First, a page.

Probable case of coronavirus infection from deer to humans has been identified in Canada

Canadian researchers believe they have found the first case of a deer transmitting coronavirus to humans, warning wider wildlife surveillance is needed to prevent new mutations from developing and spreading undetected.

to paper Published last week but not yet reviewed, scientists say at least one human case of Covid-19 can be traced to a strain of the virus found in hunted deer.

Biologists have already found groups of white-tailed deer infected with Covid in northeastern regions of the United States, as well as in the central counties of Canada. While deer are generally not considered a species that can easily transmit the virus to humans, experts have speculated that transmission was possible.

As part of their study, Canadian scientists sampled hundreds of white deer hunted last fall in southwestern Ontario. After taking nasal swabs and testing the deer’s lymph nodes, they found that 17 of 298 deer tested positive for a “new, highly differentiated strain” of coronavirus.

The virus is somewhat similar to strains currently circulating in humans. Instead, the genes closest to dynasty came from Samples taken from humans and you in Michigan two years ago, to babble Finley Maguire, associate professor at Dalhousie University and one of the authors of the article.

The researchers then compared the genetic makeup of the coronavirus found in deer with cases of the virus found in humans in the region.

The team found a resident who had a surprisingly similar strain of the virus and who had come into contact with deer. While the authors said limited sample data made it difficult to fully understand the genetic relationship between breeds, the timing and location of infection suggests deer is the likely source.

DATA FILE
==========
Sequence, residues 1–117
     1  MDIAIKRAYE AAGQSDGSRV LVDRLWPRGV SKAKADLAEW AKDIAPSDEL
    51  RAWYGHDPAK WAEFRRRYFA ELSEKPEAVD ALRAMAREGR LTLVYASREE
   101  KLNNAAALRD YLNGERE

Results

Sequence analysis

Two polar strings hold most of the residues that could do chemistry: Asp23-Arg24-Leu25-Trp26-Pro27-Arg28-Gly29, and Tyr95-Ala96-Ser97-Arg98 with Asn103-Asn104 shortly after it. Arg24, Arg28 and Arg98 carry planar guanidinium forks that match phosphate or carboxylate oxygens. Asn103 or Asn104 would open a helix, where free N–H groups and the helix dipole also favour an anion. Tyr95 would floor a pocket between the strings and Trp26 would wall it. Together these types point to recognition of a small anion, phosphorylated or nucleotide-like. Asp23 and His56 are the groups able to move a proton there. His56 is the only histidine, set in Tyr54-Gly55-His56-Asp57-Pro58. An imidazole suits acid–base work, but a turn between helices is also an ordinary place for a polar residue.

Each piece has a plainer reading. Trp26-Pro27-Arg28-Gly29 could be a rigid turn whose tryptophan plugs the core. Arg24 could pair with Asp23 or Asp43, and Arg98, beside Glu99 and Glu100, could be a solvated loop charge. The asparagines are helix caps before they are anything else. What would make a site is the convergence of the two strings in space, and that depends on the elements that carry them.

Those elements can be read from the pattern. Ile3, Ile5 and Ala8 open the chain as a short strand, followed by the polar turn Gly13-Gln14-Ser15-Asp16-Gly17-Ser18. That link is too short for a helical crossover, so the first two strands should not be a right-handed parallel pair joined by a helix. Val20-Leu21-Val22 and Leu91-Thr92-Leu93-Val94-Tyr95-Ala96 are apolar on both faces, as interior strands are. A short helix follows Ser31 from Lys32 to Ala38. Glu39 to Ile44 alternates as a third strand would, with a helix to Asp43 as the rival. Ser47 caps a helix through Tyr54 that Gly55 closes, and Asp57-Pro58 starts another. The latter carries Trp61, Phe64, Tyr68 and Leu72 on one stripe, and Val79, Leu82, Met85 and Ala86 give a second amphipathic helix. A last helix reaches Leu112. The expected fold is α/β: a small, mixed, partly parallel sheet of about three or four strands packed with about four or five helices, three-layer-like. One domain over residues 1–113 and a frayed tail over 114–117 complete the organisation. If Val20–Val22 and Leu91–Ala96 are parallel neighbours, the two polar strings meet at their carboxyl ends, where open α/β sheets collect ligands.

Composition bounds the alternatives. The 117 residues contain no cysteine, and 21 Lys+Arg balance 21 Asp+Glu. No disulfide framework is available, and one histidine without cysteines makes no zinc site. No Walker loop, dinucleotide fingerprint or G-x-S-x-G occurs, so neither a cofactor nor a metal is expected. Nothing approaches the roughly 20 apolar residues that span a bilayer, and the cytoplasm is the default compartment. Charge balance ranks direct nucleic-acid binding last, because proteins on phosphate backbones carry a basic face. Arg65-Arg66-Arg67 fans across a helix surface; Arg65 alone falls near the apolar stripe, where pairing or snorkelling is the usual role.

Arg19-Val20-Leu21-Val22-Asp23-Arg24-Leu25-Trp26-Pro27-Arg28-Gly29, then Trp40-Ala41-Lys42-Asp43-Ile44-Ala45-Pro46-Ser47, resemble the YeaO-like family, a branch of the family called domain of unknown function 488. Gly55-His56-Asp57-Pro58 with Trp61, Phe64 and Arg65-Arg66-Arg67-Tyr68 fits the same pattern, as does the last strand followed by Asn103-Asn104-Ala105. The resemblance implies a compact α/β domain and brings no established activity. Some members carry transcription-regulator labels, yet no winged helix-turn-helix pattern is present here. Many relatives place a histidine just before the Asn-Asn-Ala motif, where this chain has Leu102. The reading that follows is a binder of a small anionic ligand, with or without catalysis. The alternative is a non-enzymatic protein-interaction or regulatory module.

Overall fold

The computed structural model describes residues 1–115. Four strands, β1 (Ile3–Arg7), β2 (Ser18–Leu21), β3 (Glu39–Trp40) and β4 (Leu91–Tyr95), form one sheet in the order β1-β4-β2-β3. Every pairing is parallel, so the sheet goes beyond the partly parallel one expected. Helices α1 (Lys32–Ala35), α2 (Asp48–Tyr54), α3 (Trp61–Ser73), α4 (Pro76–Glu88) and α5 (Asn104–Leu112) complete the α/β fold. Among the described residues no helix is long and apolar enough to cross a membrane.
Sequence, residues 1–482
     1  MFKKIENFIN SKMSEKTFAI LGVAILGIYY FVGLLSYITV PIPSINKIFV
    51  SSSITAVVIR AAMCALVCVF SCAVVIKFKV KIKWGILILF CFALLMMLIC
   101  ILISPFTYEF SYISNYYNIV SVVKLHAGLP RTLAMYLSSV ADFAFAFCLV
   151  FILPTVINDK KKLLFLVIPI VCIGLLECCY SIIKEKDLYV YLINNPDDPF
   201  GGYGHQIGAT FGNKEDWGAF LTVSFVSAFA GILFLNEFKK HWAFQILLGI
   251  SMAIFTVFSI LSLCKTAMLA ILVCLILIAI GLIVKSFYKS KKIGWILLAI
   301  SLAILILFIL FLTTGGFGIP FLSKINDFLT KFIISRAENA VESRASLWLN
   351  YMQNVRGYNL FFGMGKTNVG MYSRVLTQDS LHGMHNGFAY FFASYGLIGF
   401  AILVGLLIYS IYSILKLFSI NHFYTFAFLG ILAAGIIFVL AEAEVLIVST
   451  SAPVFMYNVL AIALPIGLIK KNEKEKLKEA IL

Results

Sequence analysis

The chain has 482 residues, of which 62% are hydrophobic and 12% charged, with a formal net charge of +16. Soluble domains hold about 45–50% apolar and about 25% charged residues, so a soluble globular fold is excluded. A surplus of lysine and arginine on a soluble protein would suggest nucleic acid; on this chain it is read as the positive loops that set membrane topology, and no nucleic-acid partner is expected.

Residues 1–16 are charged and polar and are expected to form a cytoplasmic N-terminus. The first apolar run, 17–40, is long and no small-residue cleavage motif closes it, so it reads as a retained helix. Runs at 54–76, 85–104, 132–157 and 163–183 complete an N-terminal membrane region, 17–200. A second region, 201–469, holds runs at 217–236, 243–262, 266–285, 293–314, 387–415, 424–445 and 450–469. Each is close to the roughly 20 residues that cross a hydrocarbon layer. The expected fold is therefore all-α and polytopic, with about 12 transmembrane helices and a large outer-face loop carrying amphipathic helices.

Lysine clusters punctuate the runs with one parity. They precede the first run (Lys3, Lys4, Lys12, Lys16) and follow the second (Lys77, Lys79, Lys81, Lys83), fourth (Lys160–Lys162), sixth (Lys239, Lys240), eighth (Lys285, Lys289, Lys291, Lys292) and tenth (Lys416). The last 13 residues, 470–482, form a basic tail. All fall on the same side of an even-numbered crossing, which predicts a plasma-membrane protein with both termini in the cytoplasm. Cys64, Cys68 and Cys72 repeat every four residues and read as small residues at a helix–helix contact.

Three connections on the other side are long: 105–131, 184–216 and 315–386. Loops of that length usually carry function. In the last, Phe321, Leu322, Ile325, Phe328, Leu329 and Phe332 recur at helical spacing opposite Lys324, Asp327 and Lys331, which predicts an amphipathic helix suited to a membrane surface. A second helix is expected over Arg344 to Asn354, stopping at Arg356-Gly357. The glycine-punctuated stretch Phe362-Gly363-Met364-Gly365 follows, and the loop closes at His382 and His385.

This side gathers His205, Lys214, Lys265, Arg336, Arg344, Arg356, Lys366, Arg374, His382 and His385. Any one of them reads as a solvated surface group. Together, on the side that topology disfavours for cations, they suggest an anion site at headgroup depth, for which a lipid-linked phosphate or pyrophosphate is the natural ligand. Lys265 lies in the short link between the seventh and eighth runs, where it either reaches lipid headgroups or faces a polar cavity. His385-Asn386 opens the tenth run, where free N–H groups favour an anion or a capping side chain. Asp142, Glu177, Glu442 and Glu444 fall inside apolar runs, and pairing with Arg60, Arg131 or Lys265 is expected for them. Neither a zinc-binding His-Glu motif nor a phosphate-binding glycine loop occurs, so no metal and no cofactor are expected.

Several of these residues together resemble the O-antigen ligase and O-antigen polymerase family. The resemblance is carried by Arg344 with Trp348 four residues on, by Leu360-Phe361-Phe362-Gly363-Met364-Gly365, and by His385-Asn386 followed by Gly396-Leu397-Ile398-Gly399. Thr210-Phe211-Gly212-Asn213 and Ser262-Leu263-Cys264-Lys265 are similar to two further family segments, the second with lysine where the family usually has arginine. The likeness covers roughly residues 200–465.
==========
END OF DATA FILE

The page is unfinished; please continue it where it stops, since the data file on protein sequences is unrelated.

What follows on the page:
Scientists don’t know how the deer initially infected the virus, but closer study of the widespread variant in the population suggests that its massive structure means inoculum escape – the virus’s ability to evade vaccines – is unlikely.

“It’s reassuring that we found no evidence of further transmission, at a time when we were doing a lot of sampling and a lot of sequencing,” Samira Mubarak, a microbiologist and clinician scientist at Sunnybrook Health Sciences Center, told CBC. News. . “If we continue to do this monitoring, we will have a much better idea of ​​the real risks.”

Experts have long feared that the virus could infect and then mutate in certain animals, called reservoir species.

After examining the genetic sequence of the virus, Public Health Canada said there was no indication it had spread to humans and it may have been an “isolated case “.

“Until we know more, people who hunt, hunt, work closely with or handle wild animals should take precautions to prevent the potential spread of the virus,” the agency said on its site. Internet.

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